Reigning middleweight champion Sergio Martinez is a superior athlete.
If you have any doubt, just ask trainer Freddie Roach.
“He's a good athlete, but he's not a great fighter," Roach told Scott Christ of sbnation.com
Ok, maybe the compliment, if you want to call it that was a little backhanded, but the point was made. Roach respects the athleticism of the 39 year-old Martinez, but he doesn’t believe he’s a good enough fighter to beat his man, former three-division champion Miguel Cotto this Saturday at the historic Madison Square Garden in New York, NY.
Martinez (51-2-2, 28 KOs) captured the middleweight title four years ago by defeating Kelly Pavlik. He’s successfully defended his belt seven times, but a multitude of injuries have raised questions concerning the durabilty of the champion. After his victory over Julio Cesar Chavez, Jr. in 2012, Martinez needed surgery to repair a broken left hand and torn ligaments in his right knee. He re-injured the knee in his last fight, a hard-fought victory over Martin Murray. Are age and a fragile body making Martinez vulnerable?
Cotto, 33, a slight underdog, likes his chances.
“I’m not worried about Sergio and what he has done or what he will do,” said Cotto at yesterday’s press conference. “I’m only worried about what I need to do.”
What Cotto (38-4, 31 KOs) has done during his 13-year professional career is impressive. Some of his most exciting victories have occurred inside the hallowed walls of the Garden. In 2007 he captured his first world title by stopping Zab Judah. Five months later, he handled Shane Mosley over 12 exciting rounds.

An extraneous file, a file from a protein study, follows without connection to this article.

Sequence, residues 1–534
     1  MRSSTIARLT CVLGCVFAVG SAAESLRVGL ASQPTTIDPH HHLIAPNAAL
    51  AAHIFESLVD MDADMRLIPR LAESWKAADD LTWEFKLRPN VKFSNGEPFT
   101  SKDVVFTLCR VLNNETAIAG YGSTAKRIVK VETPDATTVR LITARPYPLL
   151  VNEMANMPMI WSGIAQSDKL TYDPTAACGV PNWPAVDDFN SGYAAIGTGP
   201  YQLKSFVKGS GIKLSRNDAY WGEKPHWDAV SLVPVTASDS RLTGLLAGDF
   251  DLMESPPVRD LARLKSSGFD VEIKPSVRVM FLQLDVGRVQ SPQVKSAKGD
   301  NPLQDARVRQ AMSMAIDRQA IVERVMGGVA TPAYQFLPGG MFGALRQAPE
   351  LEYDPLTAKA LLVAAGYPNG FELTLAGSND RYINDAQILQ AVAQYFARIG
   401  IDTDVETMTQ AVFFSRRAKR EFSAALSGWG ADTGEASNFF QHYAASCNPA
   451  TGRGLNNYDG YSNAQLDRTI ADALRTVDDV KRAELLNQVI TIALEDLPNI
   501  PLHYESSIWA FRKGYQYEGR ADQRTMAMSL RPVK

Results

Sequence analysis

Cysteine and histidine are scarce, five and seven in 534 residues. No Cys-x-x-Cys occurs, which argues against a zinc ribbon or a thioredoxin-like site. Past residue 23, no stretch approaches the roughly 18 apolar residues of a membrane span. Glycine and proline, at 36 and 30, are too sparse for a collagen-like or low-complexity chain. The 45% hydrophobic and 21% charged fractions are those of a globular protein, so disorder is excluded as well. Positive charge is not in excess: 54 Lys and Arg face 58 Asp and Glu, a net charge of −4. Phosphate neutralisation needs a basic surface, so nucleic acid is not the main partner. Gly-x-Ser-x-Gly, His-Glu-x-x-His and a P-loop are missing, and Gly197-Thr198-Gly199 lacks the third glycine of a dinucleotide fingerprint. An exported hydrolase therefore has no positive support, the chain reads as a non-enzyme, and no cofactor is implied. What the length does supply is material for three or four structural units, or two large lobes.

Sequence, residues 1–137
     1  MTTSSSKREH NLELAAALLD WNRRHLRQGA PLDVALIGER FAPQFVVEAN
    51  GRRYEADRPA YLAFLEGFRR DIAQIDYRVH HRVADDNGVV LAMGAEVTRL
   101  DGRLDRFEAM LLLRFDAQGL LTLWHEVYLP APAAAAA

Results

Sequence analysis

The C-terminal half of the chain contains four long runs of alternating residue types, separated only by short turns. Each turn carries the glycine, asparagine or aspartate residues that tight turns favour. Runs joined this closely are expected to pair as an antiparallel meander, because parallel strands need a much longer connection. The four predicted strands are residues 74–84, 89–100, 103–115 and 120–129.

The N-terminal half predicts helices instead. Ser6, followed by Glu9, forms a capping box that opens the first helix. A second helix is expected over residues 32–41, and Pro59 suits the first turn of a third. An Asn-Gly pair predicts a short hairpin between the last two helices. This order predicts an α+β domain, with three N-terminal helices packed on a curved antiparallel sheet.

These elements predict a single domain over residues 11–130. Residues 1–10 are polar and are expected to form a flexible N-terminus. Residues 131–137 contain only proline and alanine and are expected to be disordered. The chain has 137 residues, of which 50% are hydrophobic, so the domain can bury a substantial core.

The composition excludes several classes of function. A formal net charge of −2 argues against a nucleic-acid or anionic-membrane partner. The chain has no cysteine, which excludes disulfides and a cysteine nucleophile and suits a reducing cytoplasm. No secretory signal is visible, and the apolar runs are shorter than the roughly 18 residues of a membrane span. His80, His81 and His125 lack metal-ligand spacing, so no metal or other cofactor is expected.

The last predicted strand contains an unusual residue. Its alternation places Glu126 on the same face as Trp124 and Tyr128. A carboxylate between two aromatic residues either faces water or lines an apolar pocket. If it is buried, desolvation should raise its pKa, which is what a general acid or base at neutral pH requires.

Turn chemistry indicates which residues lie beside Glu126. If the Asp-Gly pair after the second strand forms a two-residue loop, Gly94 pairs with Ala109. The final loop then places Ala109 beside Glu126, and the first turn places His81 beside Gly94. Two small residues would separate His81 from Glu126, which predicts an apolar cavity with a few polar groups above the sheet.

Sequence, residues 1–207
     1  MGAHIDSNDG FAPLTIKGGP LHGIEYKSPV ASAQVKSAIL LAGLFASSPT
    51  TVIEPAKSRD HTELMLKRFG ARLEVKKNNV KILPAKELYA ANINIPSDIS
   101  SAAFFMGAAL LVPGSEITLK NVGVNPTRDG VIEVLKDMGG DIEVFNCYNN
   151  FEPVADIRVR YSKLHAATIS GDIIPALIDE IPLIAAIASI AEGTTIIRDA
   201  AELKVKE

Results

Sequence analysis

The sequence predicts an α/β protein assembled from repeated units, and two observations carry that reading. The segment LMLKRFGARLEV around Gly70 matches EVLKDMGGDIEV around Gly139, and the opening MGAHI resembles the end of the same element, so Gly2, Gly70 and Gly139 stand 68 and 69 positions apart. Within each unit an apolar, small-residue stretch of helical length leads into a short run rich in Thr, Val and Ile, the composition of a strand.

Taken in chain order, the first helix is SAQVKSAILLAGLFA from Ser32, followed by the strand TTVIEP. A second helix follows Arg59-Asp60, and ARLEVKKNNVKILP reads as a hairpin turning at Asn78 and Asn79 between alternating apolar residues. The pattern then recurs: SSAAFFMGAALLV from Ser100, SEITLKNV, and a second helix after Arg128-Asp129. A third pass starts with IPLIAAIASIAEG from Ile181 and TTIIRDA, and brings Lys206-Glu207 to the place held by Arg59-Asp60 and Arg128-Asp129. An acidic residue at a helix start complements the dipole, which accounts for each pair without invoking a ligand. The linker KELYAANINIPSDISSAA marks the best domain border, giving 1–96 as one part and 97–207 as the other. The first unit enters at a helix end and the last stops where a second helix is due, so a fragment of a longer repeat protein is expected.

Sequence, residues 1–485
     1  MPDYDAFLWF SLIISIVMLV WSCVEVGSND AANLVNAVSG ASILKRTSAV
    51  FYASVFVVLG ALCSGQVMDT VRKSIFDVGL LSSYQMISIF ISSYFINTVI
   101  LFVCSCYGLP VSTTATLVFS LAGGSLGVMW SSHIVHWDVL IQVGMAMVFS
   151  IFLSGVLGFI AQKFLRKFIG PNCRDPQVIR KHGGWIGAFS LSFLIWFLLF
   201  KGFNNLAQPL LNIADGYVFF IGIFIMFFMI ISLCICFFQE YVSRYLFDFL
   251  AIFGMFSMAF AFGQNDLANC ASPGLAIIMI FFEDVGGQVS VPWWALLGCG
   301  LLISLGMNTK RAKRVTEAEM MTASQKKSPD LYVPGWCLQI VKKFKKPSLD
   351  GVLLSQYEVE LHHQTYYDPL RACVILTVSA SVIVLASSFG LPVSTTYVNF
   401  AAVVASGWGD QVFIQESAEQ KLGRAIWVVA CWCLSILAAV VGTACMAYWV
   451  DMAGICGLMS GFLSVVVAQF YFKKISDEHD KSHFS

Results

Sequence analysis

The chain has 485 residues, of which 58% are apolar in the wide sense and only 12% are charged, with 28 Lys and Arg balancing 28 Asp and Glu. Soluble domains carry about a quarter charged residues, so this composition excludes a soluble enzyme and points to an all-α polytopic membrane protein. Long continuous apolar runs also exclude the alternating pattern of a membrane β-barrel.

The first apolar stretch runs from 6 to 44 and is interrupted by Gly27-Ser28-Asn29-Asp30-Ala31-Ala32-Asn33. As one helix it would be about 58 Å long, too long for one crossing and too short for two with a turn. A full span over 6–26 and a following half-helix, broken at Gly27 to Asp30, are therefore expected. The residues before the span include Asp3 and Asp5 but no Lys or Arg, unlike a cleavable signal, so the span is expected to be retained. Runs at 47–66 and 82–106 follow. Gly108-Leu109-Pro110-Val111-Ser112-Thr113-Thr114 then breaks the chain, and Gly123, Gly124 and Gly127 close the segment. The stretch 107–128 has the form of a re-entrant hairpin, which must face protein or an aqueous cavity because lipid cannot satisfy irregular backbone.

Probably the most satisfying victory for Cotto was his revenge-filled victory over Antonio Margarito at the Garden in 2011. Margarito had brutalized Cotto in their first encounter three years before. After Margarito was caught using loaded wraps before his fight with Mosley in 2009, Cotto was convinced that Margarito had used the same illegal wraps in their fight. With the capacity crowd securely in his corner, Cotto beat the stuffing out of Margarito until the ringside doctor stopped the bout in round nine. He’s won nine of ten bouts in New York, half of them by KO. After back-to-back to losses to Floyd Mayweather and Austin Trout, Cotto rebounded with a third-round stoppage of Delvin Rodriguez last year.
Martinez feels that he has all the tools needed to defeat Cotto.
“I come prepared. I come to box. I come to fight,” Martinez said. “I come to be in a war. On Saturday we’ll finish the talking and see the reality."
On this point, Cotto agreed.
“I’m prepared for a war,” said Cotto. “It’s good for us to hear Sergio is ready for a war too, because that’s what people are gonna see. A real war.”
So who wins on June 7?
From all appearances, Martinez is on the downside of his career. Cotto is arguably the best fighter he has ever faced. Cotto will apply major pressure and look for an early knockout. If Martinez is healthy, his speed, moxie and superior movement should be enough to keep Cotto off balance and win a close unanimous decision.